We hunters know that introducing our beloved heritage to newcomers, at any age, is essential to maintaining the future of hunting. Thankfully, programs such as the NRA’s Youth Hunter Education Challenge and NRA-backed Families Afield have made significant headway in encouraging states to create some form of an apprentice hunting license, providing novice youth and adult individuals an opportunity to hunt with an experienced, licensed mentor before completing a hunter education course.
Sherry Crumley, former board member of the Virginia Department of Game and Inland Fisheries (DGIF), emphasized that assisting with the institution of the apprentice license in 2008 was one of her proudest achievements while serving. According to Crumley, apprentice licenses are beneficial for the following reasons.
• Individuals are not required to take a hunter education course to purchase an apprentice license. Many people are hesitant to commit the time to enroll in a hunter safety class but are still very curious about hunting. This allows them to “try-before-you-buy.”
• Apprentice licenses are relatively inexpensive. For example, in Virginia they cost $10 for residents and $20 for non-residents.
• Individuals 18 years of age and older with a valid hunting license may act as an adult mentor. During Crumley’s time on the Virginia board, members lowered the age requirement for mentors from 21 to 18. This enables more siblings who are older to mentor younger family members and high school and college friends to mentor younger peers. Be sure to check your state’s age requirement for being a mentor.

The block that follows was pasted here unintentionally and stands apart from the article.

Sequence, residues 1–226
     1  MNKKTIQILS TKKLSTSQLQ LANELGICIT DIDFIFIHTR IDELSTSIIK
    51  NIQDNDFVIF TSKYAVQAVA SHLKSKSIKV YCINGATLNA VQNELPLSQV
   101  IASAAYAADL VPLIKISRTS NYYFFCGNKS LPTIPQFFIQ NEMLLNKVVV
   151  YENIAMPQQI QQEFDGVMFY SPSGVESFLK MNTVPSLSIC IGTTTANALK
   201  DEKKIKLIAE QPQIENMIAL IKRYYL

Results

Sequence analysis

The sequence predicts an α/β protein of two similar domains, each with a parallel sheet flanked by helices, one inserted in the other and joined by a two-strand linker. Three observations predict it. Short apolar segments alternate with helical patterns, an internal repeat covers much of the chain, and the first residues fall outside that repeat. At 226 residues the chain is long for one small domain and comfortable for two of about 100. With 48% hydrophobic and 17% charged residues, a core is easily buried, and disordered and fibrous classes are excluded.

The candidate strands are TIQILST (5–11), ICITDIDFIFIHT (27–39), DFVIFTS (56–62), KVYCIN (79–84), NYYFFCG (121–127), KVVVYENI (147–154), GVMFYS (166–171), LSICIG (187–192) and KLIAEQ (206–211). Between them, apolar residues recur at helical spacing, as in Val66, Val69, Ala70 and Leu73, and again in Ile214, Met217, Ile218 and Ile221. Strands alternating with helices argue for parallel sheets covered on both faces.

• Apprentice hunters must be accompanied and directly supervised by a licensed hunter. Crumley maintains that this stipulation brings in the mentorship factor, which is critical in ensuring the new hunter will not only be successful but gain knowledge of hunting safety and ethics.
• Apprentice licenses are valid for up to two years, depending on the state. “So many things can negatively impact a hunting season,” Crumley continued, “from bad weather to scheduling conflicts. The two-year license gives apprentice hunters enough time to get out in the field and experience success, all without having to purchase a standard hunting license or attend a hunter education course.”
• Apprentice license holders can participate in youth hunting opportunities such as youth hunting days/weekends. This gives apprentice hunters the opportunity to hunt unpressured game, increasing their odds of success.
• Guidelines are given to mentors that encourage them to emphasize the necessity of good sportsmanship, the quality of the hunting experience and the need to obey all game laws.
• Apprentice hunters may complete a hunter education course and purchase a regular license at any point during their two-year period as apprentices.
• Apprentice license holders still must complete a hunter education course in order to continue hunting, as the license is non-renewable. Mentors have the opportunity to explain the benefits of completing a hunter education course.
Lee Walker, outreach director for the Virginia Game Department, believes the state’s apprentice license program has been a huge success. “Recruiting new hunters is essential to maintaining Virginia’s long and popular hunting heritage,” Walker said. “The apprentice hunting license is one of many effective mentoring programs offered by the Virginia Department of Game and Inland Fisheries. The main benefit of the program is that it encourages people, both young and old, to give the sport a try without having completed a hunter education course.”
Apprentice licenses have proven to be a superlative tool for state game departments in increasing the number of new hunters. According to Walker, an average of 4,000 people have purchased an apprentice license each year since 2008 in Virginia. “The apprentice license has had an excellent impact on our hunting recruitment efforts and has helped to slow the decline in hunting license sales.”